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  • Andy

Isn't He Gorgeous !

Updated: May 25, 2019

We're extra chuffed with Little Mr - especially since we didn't think he was going to make it. This post might seem a bit full on, but we do think it's important to share exactly what goes in to looking after our sheep.

Twin lamb disease strikes in late pregnancy.

Basically the fast growing lambs take too much out of the ewe and she collapses.

Tragically, last year we lost a ewe and both of her unborn lambs.

So this year when Mrs went down in late February we were ready.

The usual treatment is a glucose energy drink and injections of calcium - but that hadn't worked last year.

This time we supplemented the drugs with what can best be summarised as 'fresh grass and physiotherapy'.

It wasn't terribly dignified to cart the now giant Mrs around in a wheelbarrow of all things but it was the best way to move her around the orchard, the only place we had any grass.

We also supported her on her feet to get her used to standing up again which she often rewarded with a stinking, seemingly minutes-long wee. Vital functions like that might not be pleasant but they are encouraging.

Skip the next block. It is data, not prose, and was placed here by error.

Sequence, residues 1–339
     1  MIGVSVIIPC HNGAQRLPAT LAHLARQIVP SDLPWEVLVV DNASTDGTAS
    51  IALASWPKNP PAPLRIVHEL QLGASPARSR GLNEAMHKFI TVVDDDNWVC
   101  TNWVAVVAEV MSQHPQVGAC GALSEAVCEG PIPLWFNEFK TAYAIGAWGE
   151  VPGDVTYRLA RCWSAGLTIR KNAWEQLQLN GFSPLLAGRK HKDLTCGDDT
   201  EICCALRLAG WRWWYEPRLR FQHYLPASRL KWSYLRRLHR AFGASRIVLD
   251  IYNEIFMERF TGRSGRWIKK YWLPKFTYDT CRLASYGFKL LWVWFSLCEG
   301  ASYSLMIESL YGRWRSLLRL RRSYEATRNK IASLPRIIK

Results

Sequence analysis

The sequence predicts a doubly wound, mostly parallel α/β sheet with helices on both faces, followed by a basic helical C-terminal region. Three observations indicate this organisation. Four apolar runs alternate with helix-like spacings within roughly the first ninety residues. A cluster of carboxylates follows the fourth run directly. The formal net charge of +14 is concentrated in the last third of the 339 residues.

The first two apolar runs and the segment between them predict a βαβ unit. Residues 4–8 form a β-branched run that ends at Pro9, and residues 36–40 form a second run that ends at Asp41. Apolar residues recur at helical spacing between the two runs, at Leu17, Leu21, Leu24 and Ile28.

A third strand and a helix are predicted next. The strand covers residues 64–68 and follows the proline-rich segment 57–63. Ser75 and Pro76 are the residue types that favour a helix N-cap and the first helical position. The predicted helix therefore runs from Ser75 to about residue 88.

Then, one early evening about ten days in, I was amazed to see a tiny scrap of a lamb lying beside her. Unfortunately, despite our best efforts, his twin did not survive.

But if there's one thing lambing teaches you it's to keep going because other animals may be depending on your help. In this case Little Mr was in urgent need of a towel dry and some colostrum.

For three days they lived happily together in the pen, him surviving on bottle feeds.

On day four I lifted her to her feet and she seemed stronger. I took my hands away and she stood, a bit wobbly, on her own !

The picture above is taken probably an hour later after Mrs clattered down the trailer ramp and set about the grass with a vengeance (which is why she's covered in wood shavings).

The absolute best moment however was a day later when she started feeding him. Amazing.

Little Mr has since gone from strength to strength and is now indistinguishable from the other lambs. Mrs has made a full recovery too.

His markings are not classic Gritstone but that white cross on his forehead is great. We might keep him.

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